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Stratford Supt Says Graffiti at Schools Common, Taken Seriously

Reaction to last week's threatening graffiti incident.

Second Hill Lane Elementary School Credit: Patch File Photo
Second Hill Lane Elementary School Credit: Patch File Photo

Stratford police said Monday that the department is continuing its investigation into disturbing graffiti found last week on the rooftop of a local elementary school.

The graffiti had read "death 2 thee kids" before it was quickly painted over shortly after being spotted Wednesday afternoon at Second Hill Lane Elementary School.

Police said last week that "there does not appear to be any credible threat of violence" but added that they take any such threatening message very serious.

"Our goal is to ensure that the person or persons responsible for this vandalism are identified and charged appropriately, regardless of their age or motivation," Lt. Frank Eannotti said.

After the incident, local police immediately beefed up security in and around the school.

Superintendent Janet Robinson said that graffiti vandals frequently target schools as the perpetrators are often young people themselves and sometimes former students at the targeted school.

All cases of threatening graffiti are taken seriously, Robinson said, and there is a procedure in place where school officials quickly notify police and parents.

Every parent of a Second Hill Lane student was informed of the incident last week through a school messenger system, which sends out alerts via phone, email and text, she said.

Student emergency contact information is gathered at the beginning of the school year, the superintendent said. Additionally, the principal sent a letter home.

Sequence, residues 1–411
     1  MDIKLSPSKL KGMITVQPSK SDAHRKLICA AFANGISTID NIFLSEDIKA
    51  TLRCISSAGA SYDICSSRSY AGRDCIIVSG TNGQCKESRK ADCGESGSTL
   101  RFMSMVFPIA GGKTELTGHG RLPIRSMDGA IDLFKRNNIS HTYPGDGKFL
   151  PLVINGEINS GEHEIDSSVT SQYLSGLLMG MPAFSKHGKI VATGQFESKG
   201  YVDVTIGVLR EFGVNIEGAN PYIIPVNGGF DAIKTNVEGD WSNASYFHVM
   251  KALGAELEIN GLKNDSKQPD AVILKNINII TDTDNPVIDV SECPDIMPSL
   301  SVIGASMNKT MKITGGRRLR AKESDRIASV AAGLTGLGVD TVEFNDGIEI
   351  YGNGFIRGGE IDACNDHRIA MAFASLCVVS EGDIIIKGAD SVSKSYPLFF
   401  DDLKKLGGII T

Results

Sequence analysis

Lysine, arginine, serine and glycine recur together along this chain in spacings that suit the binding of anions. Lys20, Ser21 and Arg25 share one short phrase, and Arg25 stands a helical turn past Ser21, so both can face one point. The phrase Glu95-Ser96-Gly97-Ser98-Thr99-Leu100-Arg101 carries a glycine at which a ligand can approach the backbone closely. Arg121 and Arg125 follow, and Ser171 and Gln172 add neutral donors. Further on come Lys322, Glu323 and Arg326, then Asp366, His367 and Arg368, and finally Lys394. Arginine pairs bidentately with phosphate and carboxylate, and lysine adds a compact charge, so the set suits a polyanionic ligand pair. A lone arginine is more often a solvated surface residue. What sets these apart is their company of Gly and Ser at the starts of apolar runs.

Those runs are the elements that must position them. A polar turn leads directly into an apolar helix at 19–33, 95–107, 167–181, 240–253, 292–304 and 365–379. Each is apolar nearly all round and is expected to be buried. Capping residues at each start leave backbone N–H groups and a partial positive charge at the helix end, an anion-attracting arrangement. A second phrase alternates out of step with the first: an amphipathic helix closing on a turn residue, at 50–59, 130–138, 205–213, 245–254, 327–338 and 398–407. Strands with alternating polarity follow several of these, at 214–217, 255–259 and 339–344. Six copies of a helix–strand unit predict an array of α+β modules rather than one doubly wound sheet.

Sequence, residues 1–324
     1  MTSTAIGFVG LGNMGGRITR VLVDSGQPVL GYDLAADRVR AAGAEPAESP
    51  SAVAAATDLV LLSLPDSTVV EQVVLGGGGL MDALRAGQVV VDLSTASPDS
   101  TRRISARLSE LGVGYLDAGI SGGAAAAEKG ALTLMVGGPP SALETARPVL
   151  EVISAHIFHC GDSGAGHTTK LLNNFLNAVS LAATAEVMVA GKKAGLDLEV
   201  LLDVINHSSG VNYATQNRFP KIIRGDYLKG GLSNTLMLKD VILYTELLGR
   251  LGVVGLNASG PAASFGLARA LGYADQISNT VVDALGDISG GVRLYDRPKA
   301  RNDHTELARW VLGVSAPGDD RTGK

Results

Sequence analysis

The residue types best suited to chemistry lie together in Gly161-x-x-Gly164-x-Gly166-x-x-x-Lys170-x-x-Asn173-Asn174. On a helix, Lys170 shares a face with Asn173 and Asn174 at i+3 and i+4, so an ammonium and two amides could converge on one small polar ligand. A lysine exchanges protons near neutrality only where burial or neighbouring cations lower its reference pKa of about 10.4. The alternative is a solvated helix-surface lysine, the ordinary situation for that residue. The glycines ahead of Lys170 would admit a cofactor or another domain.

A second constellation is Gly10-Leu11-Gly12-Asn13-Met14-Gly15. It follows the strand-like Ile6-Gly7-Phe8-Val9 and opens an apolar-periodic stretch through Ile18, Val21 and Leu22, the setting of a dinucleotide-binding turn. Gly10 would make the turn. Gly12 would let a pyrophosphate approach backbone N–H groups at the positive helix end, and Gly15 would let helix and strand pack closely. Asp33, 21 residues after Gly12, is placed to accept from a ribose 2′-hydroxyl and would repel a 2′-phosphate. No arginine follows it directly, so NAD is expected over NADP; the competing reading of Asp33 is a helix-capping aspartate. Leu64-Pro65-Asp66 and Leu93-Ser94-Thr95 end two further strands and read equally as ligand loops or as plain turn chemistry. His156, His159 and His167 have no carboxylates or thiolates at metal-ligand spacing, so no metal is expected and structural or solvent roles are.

However, some parents of other schools questioned why they were not notified of the disturbing graffiti. Robinson said Second Hill Lane was the only school "impacted."

Robinson, who came to Stratford from Newtown where she led that district in the wake of the Sandy Hook School shooting last December, said all schools would have been placed on lockdown had police determined the graffiti threat to be credible.

"Police were confident the safest place (for students) was in school," she said.

All visitors to the district's elementary schools need to be buzzed in before entering, said Robinson, adding that there are cameras outside the entrance to every school.

The district's two middle schools and two high schools are each equipped with school resource officers (SROs). Click here to meet the SRO at Wooster.

As police continue their investigation, they ask anyone with information call the department at 203.385.4123 or 203.375.8477.

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